The Recording Industry Association of America filed a new round of copyright infringement lawsuits against 532 individual computer users who it says have been illegally distributing copyrighted music on peer-to-peer networks. The record trade group says it's protecting the rights of copyright holders and creating a level playing field for legitimate online music services to compete.
The 532 suits filed employ the "John Doe" process, used to sue defendants whose names aren't known. The lawsuits identify the defendants by their Internet Protocol address. Once a "John Doe" suit has been filed, the plaintiffs, which are a variety of record labels, can subpoena the information necessary to identify the defendant by name.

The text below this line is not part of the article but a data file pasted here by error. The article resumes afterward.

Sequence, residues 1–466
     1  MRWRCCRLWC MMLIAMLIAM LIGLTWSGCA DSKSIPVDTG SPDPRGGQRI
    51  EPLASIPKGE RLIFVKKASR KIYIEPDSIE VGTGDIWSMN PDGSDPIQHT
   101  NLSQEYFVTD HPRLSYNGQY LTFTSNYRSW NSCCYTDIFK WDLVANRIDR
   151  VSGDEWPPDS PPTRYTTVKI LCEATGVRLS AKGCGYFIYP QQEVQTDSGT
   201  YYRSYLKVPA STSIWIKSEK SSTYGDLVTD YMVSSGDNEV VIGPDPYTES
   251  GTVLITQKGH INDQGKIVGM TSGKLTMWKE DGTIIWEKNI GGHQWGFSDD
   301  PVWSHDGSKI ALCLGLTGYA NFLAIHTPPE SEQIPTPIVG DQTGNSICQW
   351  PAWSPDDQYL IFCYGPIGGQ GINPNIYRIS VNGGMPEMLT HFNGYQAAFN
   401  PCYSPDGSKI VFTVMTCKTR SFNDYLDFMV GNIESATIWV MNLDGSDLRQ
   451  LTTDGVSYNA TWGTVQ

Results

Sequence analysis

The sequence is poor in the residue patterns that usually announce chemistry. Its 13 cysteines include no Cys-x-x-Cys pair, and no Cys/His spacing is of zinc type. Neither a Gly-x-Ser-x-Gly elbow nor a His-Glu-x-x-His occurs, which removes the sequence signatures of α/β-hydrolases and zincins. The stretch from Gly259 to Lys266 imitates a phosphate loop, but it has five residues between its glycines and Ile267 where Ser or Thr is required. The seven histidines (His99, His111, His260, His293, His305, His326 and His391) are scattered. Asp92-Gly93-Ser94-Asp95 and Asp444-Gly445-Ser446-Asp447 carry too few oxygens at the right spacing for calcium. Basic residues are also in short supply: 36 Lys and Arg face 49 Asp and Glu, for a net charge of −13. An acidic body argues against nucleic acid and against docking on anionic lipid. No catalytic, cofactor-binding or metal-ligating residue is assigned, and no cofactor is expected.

"The debate isn't digital versus plastic," said Mitch Bainwol, chairman and chief executive officer, RIAA. "It isn't old versus new. Here's what it is: Legitimate versus illegitimate. It's iTunes and the new Napster and Wal-Mart, Amazon, Dell, Real, Microsoft and others versus Kazaa, Imesh and Grokster. It's whether or not digital music will be enjoyed in a fashion that supports the creative process or one that robs it of its future."
The move follows a decision by a federal appeals court that the information subpoena process allowed by the Digital Millennium Copyright Act cannot be used in infringement cases involving peer-to-peer networks.
Before filing suit, the RIAA said it would give the "infringer" an opportunity to settle.